During a September 27, 2016 trip to celebrate the conclusion of the Ambassador’s Fund for Cultural Preservation (AFCP) grant for the historic Galle Fort area, Embassy officials paid tribute to their own diplomatic history by locating the final resting place of John Black, the first American Commercial Agent and Consul to Ceylon. Though Black’s office and other locations associated with him remain well preserved and documented in the history of the Galle Fort, numerous Embassy officers had searched without success for Black’s gravesite. Since at least the late 1970s, several generations of officers and local staff have searched to find and memorialize his grave, with little success, relegating the location to the shadows of Embassy folklore and local rumor. The search has now ended.
We now know that John and Isabel Black are buried in the All Saints cemetery in Galle alongside members of the British civil service from India, China, and Ceylon and even a Consul from Prussia. Walking around the cemetery, Galle’s history as a diverse port city unfolds by reading the headstones of foreign scholars, sailors, merchants, and travelers (including one American) buried there. Galle, with its location on the historic sea route for shipping and trading, was an ideal stopping point for vessels from China, the Middle East, Europe, and even the United States, all of which called at Galle Harbor while traversing the Indian Ocean. Sailors from the United States came to Ceylon as early as 1789 and whalers would hunt off the coast of Ceylon. Leading up to the Civil War, ships exported ice from New England to Ceylon, which in turned supplied the United States with graphite used by the Union during the Civil War in foundry crucibles that manufactured steel and, later, in pencils for schoolchildren. As U.S. Ambassador to Sri Lanka Atul Keshap noted in his remarks to the American Ceylon Mission, missionaries also began to come to Ceylon in the early 19th century to spread Christianity by building schools, instituting social reforms, and providing educational opportunities for girls. Even Mark Twain made his way to Sri Lanka in 1896, which he described as, “a radiant panorama, that wilderness of rich color, that incomparable dissolving view of harmonious tints,” while lamenting this “dream of fairyland and paradise” was being ruined by European and missionary influences. In 1870, the American Commercial Agency left Galle for Colombo and became the American Consulate in British Ceylon in 1875. Following Sri Lanka’s independence in 1948, the United States transformed the consulate in Colombo into an embassy.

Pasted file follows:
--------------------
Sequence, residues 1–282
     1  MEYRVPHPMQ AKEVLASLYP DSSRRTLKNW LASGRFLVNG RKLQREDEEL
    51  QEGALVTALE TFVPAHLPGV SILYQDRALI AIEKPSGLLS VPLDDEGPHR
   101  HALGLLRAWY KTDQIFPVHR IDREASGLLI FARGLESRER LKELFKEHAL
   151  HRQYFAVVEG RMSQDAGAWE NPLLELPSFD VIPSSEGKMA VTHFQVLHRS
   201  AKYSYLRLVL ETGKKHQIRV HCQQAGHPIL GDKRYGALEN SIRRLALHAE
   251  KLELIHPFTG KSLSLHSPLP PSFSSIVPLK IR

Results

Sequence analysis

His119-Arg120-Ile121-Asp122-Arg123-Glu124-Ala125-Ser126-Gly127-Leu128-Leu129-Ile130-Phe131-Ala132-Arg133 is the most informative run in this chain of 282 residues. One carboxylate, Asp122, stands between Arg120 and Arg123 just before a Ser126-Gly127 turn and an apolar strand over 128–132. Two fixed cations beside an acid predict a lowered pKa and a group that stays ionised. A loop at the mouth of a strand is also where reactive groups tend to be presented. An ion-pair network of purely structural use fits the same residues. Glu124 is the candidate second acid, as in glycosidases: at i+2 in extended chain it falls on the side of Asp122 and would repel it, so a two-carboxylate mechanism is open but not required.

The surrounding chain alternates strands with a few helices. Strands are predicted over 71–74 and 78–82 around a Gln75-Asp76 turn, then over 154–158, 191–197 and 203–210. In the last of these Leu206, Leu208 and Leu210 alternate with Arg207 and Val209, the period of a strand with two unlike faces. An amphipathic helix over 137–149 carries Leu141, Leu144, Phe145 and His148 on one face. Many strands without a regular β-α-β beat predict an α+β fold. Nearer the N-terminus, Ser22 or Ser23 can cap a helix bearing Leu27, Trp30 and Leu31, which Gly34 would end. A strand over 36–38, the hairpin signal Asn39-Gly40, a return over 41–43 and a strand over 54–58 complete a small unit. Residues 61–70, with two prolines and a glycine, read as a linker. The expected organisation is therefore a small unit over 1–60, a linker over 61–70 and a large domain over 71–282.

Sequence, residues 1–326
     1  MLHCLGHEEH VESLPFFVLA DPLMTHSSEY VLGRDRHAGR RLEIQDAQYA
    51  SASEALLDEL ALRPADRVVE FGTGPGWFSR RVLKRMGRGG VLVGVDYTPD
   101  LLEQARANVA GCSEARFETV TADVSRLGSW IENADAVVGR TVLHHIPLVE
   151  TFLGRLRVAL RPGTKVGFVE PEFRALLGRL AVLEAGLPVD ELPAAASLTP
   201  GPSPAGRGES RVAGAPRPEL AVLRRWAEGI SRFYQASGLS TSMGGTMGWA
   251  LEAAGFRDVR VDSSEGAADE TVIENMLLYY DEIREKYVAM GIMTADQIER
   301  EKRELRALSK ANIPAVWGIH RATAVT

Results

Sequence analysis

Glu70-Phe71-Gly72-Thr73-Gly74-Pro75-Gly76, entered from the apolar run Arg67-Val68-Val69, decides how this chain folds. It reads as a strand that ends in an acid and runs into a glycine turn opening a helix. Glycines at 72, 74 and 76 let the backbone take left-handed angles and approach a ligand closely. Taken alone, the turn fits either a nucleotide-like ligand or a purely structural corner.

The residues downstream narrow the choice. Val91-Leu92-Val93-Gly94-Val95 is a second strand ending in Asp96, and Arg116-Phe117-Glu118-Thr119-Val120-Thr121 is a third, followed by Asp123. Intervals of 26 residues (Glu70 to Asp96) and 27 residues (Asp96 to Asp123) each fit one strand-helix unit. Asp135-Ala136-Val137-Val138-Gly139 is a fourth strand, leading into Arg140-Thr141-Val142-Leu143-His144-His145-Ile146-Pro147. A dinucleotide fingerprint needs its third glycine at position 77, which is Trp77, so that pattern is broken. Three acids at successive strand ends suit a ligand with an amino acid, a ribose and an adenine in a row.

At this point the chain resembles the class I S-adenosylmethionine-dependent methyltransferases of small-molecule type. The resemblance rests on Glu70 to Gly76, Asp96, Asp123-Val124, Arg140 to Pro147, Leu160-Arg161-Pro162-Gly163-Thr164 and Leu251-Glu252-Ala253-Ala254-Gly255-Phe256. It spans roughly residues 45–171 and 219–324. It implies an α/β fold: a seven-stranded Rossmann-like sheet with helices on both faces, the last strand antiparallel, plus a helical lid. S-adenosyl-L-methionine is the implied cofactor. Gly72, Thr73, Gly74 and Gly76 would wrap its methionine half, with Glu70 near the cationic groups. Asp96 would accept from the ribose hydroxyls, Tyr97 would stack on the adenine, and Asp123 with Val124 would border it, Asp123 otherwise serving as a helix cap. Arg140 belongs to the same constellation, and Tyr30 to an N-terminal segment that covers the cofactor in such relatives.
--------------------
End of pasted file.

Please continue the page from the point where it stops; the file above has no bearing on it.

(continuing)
150 years after John Black’s appointment, Sri Lanka celebrated the sesquicentennial anniversary of diplomatic ties with the United States in 2001 by issuing a commemorative stamp and then-Ambassador E. Ashley Wills officially cancelled the stamp at a ceremony with Minister of Posts and Telecommunications, Nimal Siripala de Silva, and mentioned John Black in his speech. The stamp held a denomination of 10 Sri Lankan Rupees and depicted the two national flags crossed over a map of Sri Lanka. In 1998, the House of Representatives passed a resolution celebrating the golden jubilee of Sri Lankan independence and commemorating almost 150 years of friendship between the United States and Sri Lanka, directly mentioning John Black and his role in the diplomatic relationship.
John Black symbolizes the deep and historic ties that exist between Sri Lanka and the United States.